(318) “According to his ability that vowed.” — A. V. “According to that which the hand of him that vowed can attain.” — Ainsworth.
(319) “ Car cela signifie disette, ou defant, d’autant que les povres n’ont pas en main ce qui seroit a souhaiter;” for this signifies want or deficiency, since the poor have not in hand what might be desired. — Fr.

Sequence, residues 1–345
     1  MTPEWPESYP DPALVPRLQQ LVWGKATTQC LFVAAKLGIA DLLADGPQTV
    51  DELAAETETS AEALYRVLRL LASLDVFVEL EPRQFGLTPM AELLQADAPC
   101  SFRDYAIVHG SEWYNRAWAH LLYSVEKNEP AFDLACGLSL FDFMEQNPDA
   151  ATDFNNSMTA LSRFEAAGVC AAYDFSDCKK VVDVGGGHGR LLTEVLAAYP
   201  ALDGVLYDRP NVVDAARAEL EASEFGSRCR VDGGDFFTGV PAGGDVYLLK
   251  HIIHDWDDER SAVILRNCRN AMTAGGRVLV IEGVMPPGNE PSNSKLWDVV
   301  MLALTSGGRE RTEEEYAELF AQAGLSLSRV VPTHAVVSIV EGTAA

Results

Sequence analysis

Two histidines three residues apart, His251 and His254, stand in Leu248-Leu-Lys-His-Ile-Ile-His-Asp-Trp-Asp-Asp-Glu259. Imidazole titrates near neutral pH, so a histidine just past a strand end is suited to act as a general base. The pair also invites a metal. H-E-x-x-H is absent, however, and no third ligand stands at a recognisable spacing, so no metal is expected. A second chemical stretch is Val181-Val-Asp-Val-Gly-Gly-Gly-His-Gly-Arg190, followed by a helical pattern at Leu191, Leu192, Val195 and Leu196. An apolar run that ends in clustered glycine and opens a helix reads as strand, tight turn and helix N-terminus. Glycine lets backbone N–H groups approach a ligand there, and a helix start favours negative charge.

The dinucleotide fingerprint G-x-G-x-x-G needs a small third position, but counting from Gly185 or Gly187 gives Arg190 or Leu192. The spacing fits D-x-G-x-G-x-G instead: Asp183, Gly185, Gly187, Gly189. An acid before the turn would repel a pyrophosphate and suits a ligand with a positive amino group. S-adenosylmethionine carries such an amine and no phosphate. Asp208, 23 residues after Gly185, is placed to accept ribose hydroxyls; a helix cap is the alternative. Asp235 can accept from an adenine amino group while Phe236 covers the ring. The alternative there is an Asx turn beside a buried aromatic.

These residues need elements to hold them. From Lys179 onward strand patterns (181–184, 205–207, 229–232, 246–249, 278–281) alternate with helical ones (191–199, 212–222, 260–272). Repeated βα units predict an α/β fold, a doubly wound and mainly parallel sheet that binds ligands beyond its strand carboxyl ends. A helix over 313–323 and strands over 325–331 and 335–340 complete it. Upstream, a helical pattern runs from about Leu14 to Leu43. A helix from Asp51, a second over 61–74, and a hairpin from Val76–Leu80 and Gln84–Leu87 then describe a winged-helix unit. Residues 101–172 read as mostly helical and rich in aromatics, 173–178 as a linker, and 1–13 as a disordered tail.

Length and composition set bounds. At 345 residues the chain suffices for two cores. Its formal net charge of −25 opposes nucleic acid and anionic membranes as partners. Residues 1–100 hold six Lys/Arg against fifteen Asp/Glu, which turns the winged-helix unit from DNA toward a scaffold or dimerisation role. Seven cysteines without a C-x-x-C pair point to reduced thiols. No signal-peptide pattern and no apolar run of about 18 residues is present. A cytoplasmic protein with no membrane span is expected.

11. And if it be any unclean beast. Moses now, in the second place, treats of brute animals; which God commands to be sacrificed to Him, if they are suitable for it, and does not suffer the vow to be altered. But if they be imperfect or unclean, He lays down the rule for their redemption. But the question here arises, How it can be allowable to vow what God had forbidden to be offered to Him, and so had prohibited from being brought into the temple, as being unclean? Surely if it had entered into any one’s mind to sacrifice an unclean animal, the superstition would be rejected, nay, there would be need of expiation. But here, in my opinion, another kind of offering is adverted to, which did not vitiate the sacrifices and service of God by being contrary to the injunctions of His Law. There was therefore nothing strange in His accepting such a vow, though He punishes its levity by a pecuniary fine. Besides, suppose a strong and well-tried horse was in danger, his master made a vow that if it were saved he would be bound to pay its price; and so also in the other cases. To vow was nothing else than to commit to God’s faithfulness and protection whatever they wished to be preserved. Hence the too great commonness of vows, which still it was necessary to discharge in some way, lest God’s sacred name should be exposed to ridicule. This estimation God left to the arbitration of the priest. But if an animal might be offered in sacrifice, no redemption was allowed; and if any one had substituted another animal, or paid the price of it, he was punished for his fraud, for both ( i.e., the animal, and its substitute or price) were consecrated to God. The estimation, which is imposed upon one who had vowed, is irreversible, since God simply commands the Israelites to stand by the judgment of the priest, and to abide by the taxation, as it is called, enjoined upon them as a fixed rule; and, besides, they were to add a fifth part, as an additional fine, to the price appointed by the priest.